Examples cited of climate change resilience and mitigation measures that have been incorporated into MCC project designs include: (1) adaptation measures in a roads project in the Philippines that allowed approximately 200 kilometers of roads rehabilitated and upgraded by an MCC project to remain largely intact following Typhoon Haiyan and serve as a crucial artery in emergency response; (2) use of rainfall for irrigation in Niger; (3) reduction of greenhouse gas emissions and investment in efficient infrastructure in Ghana; (4) clean energy exploration in Benin; (5) the Green Prosperity Project in Indonesia; and (6) use of MCC infrastructure as an incentive for institutional reform in Cabo Verde’s long term planning that takes into account anticipated rainfall reduction and threat to fresh water supply as sea level rises.
There are three elements of MCC’s strategy: (1) systematic consideration of climate risks and opportunities; (2) integration of the results of identified risks analyses into the project development process; and (3) leadership through partnerships with partner governments in discussions of how consideration of climate change risks and opportunities can help their operations, and in collaboration among U.S. Government agencies to pool ideas, link to science agencies, learn from the domestic experience in the United States, and leverage the resources of the U.S. Government as a whole. MCC’s ability to make cost data available to support promotion of climate resiliency as a valuable initiative rather than as simply a safeguard was also noted.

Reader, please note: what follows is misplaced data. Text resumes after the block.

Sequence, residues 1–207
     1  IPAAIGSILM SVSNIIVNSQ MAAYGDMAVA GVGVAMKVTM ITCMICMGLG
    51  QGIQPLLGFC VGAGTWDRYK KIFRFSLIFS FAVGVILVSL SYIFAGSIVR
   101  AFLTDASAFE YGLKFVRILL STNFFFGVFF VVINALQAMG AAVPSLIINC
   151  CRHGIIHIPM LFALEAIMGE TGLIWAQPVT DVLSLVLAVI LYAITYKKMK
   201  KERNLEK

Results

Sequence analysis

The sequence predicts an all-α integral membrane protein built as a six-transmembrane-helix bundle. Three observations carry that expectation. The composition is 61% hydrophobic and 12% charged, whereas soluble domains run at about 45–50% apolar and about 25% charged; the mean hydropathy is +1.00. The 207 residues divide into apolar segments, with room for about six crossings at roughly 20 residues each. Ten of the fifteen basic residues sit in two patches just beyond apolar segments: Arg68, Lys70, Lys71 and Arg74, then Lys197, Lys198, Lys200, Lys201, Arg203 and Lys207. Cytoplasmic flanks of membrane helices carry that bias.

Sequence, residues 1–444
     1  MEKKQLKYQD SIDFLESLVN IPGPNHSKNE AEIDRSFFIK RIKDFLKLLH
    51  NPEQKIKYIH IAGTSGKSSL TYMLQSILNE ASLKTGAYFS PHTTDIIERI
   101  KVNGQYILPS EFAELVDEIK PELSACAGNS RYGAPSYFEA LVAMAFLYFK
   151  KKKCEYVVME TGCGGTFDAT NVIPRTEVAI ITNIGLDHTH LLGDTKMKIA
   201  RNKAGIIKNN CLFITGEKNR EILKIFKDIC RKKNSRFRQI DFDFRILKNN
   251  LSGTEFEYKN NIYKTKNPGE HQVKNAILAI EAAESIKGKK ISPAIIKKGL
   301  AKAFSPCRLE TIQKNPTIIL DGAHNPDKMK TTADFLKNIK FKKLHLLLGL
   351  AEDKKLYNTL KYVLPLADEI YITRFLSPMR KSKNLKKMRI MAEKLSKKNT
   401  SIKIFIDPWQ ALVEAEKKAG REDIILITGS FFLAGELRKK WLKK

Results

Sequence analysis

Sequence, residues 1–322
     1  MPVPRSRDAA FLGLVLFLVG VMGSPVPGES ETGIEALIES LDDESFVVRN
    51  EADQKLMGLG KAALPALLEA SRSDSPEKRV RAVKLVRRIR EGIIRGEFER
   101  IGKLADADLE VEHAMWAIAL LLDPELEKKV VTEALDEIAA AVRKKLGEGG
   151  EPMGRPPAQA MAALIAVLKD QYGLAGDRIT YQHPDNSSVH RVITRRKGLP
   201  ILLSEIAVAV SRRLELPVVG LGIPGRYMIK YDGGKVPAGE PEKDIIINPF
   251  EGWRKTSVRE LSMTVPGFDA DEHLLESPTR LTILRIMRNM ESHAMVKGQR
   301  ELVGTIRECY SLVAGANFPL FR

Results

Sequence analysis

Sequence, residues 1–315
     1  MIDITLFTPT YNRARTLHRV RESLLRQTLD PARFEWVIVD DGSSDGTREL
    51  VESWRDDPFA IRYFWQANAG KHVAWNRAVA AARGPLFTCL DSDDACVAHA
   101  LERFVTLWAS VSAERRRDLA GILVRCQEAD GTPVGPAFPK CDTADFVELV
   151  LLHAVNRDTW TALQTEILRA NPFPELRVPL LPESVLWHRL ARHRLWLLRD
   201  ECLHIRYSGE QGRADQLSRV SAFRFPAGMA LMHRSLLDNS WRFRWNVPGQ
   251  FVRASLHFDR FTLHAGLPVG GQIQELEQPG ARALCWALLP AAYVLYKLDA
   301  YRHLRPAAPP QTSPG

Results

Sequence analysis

Following the presentation, Mr. Atteberry referred to NASA and the Surveyor Program as a growing useful took for work in Nepal. Ms. Ryckman commended the presentation and offered USTR assistance in the area of international rules and regulations on setting technical standards and labeling requirements, and encouraged increased MCC/USTR collaboration. Ms. Kubiske expressed appreciation for the presentation, the work of incorporating climate change mitigation into MCC’s investments, and the help in demonstrating the integration and practicality of incorporating climate change mitigation which will be helpful in negotiations. Ms. Latortue relayed the appreciation of Treasury’s energy and environment team for MCC’s strong role and collaboration in the interagency process around implementing the executive order.
Ms. Latortue also expressed approval of systematizing climate resilience into projects, encouraged MCC integration into broader international development discussions around the issue of costs of integrating adaptation and mitigation, and urged focus on how to get to scale on the mitigation work.
In response to Ms. McCue’s inquiry, the Board was advised that the Indonesia private sector engagement is with companies with massive operations in the country who are looking to do good business and good for the environment. MCC’s engagement comes through a variety of modalities, including competitively selected matching grants and mechanisms such as indexed tariffs by which the Government of Indonesia can jump start its renewable energy market and through which MCC leaves behind a process and framework for the government to replicate going forward.
Ms. Kubiske made a call for MCC consideration of compacts for small population states, noting significant climate change concerns for many small population states, which are often small island nations, pointing to Vanuatu as an example of the value.
Ms. Hyde closed by thanking the MCC team for their work and the Plus Ones and BRIA for their input.
The meeting adjourned at 11:23 a.m.